It depends on how your body is doing. I usually tell people that it is best to get a massage every four to six weeks, but that also depends on your activity level and budget. Personally, I have to get a massage at least every 3 weeks. If you are working on a particular problem, (like a sore shoulder, for instance), you will have to go back more often. On a 10 point scale, where 0 is no pain and 10 is the worst pain in your life, you should go back to the therapist when your pain hits 5. Don't wait until you are taking medication or in great pain. The good news is that as you go thru trigger point therapy, this time between massages should increase as your body gets used to having knot-free muscles. A trigger point is a fancy medical name for a knot in your muscle. We do a lot more exercise that most people believe. For instance, working at the computer exercises muscles in our backs, arms and shoulders. If you spend a lot of time (6-12 hours) at the computer, then you have exercised those muscles continuously for that long. If you ran for that long, your legs would hurt (and you would be exhausted) The only way to avoid forming knots is not to breathe, which I don't recommend. I do recommend drinking water (which helps flush lactic acid from your system), getting up from the computer on a hourly basis and stretching. I hope this answer helped you.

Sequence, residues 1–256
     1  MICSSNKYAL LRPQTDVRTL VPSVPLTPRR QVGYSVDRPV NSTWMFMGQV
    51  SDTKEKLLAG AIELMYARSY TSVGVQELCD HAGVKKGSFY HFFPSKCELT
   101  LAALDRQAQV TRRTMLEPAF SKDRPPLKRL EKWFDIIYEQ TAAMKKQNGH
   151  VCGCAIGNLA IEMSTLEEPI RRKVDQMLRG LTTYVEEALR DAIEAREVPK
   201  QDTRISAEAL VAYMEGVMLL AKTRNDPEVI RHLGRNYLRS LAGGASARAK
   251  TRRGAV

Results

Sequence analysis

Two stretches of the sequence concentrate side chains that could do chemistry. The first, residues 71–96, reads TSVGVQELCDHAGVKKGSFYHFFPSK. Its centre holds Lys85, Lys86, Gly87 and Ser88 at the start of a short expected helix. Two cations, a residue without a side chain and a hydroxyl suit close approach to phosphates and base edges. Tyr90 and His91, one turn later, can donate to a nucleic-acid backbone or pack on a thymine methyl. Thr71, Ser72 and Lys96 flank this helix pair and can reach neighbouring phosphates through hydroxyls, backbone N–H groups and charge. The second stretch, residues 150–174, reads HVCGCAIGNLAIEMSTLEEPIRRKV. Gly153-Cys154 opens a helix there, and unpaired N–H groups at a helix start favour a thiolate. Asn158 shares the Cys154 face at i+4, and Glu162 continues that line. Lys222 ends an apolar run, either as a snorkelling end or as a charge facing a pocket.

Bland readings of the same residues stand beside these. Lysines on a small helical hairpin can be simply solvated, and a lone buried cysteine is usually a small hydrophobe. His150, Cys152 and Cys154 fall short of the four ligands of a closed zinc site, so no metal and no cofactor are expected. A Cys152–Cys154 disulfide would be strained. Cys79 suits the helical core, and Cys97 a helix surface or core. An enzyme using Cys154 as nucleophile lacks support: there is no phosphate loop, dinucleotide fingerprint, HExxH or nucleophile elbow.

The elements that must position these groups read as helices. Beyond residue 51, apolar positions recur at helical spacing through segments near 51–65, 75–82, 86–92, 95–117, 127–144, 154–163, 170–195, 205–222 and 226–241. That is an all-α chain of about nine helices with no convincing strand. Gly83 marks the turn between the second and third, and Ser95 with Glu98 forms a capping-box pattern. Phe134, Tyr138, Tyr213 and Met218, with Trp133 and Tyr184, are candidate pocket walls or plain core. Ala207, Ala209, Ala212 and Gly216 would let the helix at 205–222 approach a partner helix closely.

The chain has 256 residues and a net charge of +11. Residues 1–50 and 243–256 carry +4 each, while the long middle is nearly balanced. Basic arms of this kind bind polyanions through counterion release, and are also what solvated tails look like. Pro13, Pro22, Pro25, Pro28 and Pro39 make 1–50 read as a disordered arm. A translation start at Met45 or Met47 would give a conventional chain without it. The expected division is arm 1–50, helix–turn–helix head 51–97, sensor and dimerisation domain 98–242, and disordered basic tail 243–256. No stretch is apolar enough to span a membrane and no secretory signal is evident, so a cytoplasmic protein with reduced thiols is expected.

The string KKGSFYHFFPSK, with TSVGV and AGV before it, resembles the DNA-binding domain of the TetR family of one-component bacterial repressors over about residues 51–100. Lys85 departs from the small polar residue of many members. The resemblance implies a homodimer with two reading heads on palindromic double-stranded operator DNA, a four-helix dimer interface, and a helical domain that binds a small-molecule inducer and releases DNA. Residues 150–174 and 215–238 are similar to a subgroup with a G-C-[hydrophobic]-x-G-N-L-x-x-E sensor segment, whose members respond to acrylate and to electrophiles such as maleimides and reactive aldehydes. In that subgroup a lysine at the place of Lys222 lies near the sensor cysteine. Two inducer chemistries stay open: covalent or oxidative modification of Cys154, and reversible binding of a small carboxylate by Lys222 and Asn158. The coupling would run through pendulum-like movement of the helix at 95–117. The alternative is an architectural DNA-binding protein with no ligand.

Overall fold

Jagdish Jindal (Houston, TX) on Jul 5, 2012
It depends on the time between treatments and the condition of your body. Five times is usually sufficient.
Sterling Alexander (Palm Springs, CA) on Jul 5, 2012